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Adviser charging debate rages on in the new world
by Tim Cooper on Feb 21, 2013 at 15:13
Advisers like David Batchelor (pictured) who ask clients to write a cheque may still be in a minority even in the RDR world, and opinion on the best charging method is as divided as ever.
In the retail distribution review (RDR) world, the majority of advisers have moved to adviser charging facilitation (ACF) through a platform or product. However, alternative fee models remain, with direct payments for a project, percentage of assets and hourly charges being used.
Some question whether ACF is sufficiently different from commission and whether the incoming regulator, the Financial Conduct Authority (FCA), would eventually scrap it in favour of direct fees.
David Batchelor, director of Aylesbury-based Wills & Trusts Chartered Financial Planners, is concerned the commission ban is not working. ‘The RDR is all about charging fees rather than taking commission. So why is it that, speaking to advisers, less than 25% actually take a cheque from clients?’ he says.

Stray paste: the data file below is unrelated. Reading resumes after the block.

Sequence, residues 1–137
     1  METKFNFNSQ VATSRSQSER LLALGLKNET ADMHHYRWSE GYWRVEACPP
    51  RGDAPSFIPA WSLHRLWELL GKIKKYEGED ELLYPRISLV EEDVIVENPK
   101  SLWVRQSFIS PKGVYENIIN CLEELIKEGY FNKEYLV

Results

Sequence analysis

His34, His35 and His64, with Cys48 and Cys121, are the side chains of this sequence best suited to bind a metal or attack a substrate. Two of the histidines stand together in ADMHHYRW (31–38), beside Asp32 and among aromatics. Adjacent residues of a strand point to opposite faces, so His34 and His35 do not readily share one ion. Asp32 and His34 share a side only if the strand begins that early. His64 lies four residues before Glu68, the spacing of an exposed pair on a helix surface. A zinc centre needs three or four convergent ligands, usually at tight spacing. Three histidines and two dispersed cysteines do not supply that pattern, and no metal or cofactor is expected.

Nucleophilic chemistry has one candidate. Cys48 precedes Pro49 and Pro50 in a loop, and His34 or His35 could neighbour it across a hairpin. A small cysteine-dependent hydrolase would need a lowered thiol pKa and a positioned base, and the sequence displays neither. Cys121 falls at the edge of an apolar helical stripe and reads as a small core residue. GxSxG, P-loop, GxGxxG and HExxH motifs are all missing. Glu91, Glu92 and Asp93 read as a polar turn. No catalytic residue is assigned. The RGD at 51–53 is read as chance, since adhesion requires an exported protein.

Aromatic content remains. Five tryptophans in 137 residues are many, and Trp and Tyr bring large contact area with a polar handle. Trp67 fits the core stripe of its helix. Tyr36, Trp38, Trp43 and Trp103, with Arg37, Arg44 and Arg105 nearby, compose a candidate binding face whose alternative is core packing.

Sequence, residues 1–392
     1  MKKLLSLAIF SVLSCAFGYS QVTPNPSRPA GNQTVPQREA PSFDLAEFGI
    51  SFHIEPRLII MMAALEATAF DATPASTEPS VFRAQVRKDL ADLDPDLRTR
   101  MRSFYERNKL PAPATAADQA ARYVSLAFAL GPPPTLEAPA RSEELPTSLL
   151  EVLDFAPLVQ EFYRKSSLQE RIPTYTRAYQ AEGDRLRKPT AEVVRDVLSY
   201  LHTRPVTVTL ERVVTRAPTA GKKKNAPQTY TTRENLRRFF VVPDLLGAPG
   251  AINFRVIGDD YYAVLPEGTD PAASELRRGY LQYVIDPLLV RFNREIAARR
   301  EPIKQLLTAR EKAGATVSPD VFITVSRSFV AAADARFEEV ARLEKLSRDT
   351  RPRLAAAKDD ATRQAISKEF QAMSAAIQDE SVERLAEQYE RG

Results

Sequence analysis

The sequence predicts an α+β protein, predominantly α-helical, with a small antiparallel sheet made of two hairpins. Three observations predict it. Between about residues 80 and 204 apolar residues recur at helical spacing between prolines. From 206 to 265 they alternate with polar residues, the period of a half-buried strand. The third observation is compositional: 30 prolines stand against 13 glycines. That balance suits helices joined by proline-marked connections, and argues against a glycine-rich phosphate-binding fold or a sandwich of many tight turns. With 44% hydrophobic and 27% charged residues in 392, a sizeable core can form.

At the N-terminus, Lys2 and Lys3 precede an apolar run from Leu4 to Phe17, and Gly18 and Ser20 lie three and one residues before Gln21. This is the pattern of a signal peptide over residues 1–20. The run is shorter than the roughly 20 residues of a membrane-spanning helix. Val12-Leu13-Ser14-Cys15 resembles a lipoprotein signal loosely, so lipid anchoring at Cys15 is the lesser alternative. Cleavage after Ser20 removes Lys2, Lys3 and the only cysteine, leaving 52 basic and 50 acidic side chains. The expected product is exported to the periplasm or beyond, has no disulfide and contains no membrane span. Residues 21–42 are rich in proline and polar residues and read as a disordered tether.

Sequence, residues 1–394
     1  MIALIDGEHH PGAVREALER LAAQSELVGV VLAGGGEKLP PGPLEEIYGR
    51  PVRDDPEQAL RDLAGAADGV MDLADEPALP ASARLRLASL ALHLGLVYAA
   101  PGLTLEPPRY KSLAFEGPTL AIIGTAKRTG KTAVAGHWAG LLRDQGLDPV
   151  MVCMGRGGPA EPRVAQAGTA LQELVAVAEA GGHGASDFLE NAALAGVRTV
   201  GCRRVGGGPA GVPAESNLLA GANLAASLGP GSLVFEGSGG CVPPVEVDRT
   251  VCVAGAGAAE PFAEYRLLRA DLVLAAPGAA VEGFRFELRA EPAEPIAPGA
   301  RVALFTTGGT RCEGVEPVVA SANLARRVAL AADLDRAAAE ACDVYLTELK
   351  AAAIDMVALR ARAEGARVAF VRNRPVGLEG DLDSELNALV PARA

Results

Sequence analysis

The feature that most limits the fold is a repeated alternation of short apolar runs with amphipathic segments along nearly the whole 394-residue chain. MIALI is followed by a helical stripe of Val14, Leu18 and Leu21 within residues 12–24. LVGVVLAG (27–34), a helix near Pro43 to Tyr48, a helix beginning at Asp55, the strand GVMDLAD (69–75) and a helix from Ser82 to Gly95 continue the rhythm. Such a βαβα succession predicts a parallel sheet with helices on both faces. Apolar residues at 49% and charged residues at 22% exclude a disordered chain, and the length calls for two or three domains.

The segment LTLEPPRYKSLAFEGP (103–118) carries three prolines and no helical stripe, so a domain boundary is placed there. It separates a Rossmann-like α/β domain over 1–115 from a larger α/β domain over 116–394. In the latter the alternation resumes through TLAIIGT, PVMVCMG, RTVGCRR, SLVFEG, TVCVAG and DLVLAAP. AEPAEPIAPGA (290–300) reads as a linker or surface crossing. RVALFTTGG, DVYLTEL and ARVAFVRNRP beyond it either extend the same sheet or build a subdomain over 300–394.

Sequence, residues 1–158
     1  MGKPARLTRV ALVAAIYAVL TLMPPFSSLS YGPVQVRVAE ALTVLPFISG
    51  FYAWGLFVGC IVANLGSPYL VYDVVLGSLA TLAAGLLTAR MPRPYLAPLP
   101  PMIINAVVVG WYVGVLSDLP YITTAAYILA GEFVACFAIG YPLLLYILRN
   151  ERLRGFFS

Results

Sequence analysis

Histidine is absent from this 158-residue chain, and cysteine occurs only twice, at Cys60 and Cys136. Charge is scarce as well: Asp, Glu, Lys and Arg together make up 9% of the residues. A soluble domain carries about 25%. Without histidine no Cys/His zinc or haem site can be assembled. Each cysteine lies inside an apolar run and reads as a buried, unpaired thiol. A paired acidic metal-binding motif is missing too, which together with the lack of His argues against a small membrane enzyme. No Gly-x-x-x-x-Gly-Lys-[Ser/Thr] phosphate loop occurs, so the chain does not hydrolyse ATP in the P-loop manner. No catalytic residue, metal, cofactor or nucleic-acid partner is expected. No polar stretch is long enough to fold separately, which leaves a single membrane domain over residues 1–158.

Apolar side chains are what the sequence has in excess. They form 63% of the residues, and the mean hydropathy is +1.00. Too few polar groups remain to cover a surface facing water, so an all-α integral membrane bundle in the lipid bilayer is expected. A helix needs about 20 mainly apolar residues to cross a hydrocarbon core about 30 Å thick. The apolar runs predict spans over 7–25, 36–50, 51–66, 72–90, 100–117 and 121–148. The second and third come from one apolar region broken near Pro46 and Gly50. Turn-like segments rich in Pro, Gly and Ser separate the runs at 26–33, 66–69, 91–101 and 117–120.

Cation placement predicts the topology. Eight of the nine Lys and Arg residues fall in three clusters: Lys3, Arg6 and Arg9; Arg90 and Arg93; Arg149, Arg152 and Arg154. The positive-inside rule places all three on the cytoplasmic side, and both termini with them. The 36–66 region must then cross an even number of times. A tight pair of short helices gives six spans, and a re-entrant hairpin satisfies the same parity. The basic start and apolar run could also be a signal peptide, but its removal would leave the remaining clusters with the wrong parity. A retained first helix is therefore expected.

‘Most take fees as either a deduction from the investment or pension, or from a trail fee. But if you ask clients to pay a cheque for that amount, many would not do it.’
Batchelor says either there will be no change – fees will continue to be taken from investments and clients will still ‘not really understand what they are paying’ – or the new regulator will start looking into trail mis-selling.
‘If they want to do the job properly, they will insist that all clients pay directly. I doubt that would happen, but it would make the client think about what they are paying and the value they get. If cheques had to be written, it would drive down fees dramatically,’ he says.
Martin Bamford (pictured above), managing director at Surrey-based Informed Choice, says he gives clients a choice of ACF or direct payment.
‘We remain flexible in terms of how clients settle fees, either through ACF or by invoice,’ he says. ‘Invoices are becoming increasingly more efficient, rather than using providers as the payment mechanism.’
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